Network Rail is getting ready to renew and refurbish the electrical and mechanical systems of the Oulton Broad swing bridge along the East Suffolk Line and the two swing bridges on the Wherry Lines; this is to ensure services keep running reliably and to prevent disruption to river traffic at the port and marinas.
The internal components on the Oulton Broad, Somerleyton, Reedham and swing bridges haven’t been replaced in more than 100 years and are frequently repaired. Each bridge costs more than £100,000 a year to maintain.
Preliminary works and maintenance will take place this weekend Saturday 22 May and Sunday 23 May; rail services on the East Suffolk Line Halesworth – Lowestoft and the Wherry Lines Lowestoft – Norwich will be replaced by a bus.
Starting in early 2022 Network Rail will perform internal upgrades as part of a £5.5 million programme of work. The winch systems, hydraulic jacks, pipework and lighting will be replaced and a new power system installed. This will make the structures easier to maintain for the next 25 years whilst saving up to a combined £7.5 million in future costs.
Once the work is complete the bridges will be able to operate more reliably throughout the year, giving river traffic consistent access to the port and marinas which will help benefit the local economy especially during the summer. The bridges will break-down less often saving taxpayer-funded Network Rail more than £100,000 a year, per bridge, in maintenance costs.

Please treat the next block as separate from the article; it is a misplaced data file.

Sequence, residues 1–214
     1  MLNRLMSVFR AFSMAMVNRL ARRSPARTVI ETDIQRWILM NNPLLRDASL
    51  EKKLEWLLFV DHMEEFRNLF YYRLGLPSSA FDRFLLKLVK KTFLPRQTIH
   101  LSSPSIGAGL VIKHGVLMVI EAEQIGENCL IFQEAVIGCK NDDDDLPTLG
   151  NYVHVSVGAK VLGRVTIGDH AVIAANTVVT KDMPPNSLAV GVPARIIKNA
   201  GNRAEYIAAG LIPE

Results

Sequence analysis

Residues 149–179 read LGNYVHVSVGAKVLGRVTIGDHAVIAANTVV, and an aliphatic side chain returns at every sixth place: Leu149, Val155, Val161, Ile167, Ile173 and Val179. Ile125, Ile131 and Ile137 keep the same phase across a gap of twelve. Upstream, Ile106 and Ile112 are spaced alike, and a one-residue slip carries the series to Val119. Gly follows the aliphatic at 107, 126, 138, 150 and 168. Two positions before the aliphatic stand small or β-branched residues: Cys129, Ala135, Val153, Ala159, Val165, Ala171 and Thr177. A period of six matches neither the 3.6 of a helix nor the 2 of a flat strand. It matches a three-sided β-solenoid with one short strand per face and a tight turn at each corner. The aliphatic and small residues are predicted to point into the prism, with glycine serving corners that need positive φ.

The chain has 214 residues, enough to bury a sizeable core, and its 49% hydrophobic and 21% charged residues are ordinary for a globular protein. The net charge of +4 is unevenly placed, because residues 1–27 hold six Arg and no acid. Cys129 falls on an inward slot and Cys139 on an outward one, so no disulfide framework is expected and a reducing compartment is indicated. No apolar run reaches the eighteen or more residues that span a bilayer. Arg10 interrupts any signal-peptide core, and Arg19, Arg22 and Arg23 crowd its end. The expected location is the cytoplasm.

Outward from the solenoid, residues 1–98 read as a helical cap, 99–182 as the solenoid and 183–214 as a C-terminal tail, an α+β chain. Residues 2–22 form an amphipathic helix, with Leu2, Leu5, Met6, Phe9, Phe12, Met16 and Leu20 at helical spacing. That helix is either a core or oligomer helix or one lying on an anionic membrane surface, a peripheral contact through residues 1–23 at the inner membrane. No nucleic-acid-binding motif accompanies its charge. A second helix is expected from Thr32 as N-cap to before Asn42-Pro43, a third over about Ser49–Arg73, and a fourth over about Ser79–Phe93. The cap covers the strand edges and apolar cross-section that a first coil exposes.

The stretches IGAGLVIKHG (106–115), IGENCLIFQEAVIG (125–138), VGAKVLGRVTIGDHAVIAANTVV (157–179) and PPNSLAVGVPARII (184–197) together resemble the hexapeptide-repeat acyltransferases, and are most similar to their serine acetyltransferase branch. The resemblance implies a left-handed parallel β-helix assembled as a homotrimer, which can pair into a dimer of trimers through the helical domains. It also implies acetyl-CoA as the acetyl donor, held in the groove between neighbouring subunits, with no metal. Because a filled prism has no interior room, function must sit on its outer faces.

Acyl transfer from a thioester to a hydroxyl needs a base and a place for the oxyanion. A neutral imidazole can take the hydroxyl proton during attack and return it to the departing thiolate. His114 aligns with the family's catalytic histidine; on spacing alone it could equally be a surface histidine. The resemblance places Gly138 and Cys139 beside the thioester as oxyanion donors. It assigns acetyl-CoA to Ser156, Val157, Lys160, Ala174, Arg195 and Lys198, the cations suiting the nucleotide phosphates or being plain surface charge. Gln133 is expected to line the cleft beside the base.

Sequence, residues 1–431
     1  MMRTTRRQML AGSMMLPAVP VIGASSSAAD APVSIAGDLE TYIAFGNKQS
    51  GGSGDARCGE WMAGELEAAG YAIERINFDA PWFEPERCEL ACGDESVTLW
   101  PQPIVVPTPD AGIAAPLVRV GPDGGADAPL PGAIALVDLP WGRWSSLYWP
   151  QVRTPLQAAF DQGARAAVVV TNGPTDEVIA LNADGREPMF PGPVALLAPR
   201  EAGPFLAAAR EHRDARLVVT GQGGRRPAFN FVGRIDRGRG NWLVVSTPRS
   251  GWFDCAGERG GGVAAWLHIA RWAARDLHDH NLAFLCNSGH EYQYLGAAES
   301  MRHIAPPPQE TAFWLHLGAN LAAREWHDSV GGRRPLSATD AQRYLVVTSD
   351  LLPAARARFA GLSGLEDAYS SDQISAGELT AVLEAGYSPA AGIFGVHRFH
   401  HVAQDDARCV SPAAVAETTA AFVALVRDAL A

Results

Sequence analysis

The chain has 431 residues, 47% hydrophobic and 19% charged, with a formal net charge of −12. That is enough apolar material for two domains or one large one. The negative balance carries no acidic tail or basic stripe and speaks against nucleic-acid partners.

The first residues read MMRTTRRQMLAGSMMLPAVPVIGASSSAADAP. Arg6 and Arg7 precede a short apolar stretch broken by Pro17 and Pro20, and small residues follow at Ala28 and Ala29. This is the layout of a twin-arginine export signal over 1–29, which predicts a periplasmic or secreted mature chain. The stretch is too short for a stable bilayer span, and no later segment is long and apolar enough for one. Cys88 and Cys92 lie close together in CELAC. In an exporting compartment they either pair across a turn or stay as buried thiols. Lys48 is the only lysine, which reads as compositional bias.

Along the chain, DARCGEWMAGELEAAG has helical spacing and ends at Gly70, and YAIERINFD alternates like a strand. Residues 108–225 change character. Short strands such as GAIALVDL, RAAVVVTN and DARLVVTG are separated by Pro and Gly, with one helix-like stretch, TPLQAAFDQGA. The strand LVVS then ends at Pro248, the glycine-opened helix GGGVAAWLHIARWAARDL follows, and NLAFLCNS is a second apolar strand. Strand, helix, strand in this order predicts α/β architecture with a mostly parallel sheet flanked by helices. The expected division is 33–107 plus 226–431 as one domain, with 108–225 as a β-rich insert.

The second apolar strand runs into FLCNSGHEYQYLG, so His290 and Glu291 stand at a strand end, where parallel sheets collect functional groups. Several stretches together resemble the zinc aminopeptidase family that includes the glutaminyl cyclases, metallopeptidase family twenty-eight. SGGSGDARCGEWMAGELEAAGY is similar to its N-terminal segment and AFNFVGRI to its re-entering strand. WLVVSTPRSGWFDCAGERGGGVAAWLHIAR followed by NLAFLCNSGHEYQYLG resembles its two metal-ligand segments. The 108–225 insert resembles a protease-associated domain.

The work to the internal elements of the bridges will be carried out whilst maintaining the heritage look-and-feel of each bridge.
In order to prepare for the work, surveys were completed using aerial drones. As a result the surveys were completed in hours as opposed to what would have taken days if engineers had to visit the bridges on foot.
Ellie Burrows, Network Rail’s route director for Anglia, said: “These bridges are an important part of our railway heritage and also an important part of keeping both rail and boat traffic moving. Renewing the components will reduce the risk of mechanical problems and help keep services running safely, smoothly and reliably for our passengers, as well as maintaining access to the ports and marinas.
“The use of drones to complete survey work is a great example of how we’re innovating to keep the railway running with minimised risk to our staff, minimised disruption for passengers and at reduced cost for taxpayers.”
Jamie Burles, Greater Anglia managing director said: “This work will make our Norwich and Ipswich to Lowestoft lines even more reliable, which I know our customers will welcome. While the work is going on we will make sure customers can still complete their journeys with a rail replacement bus service.”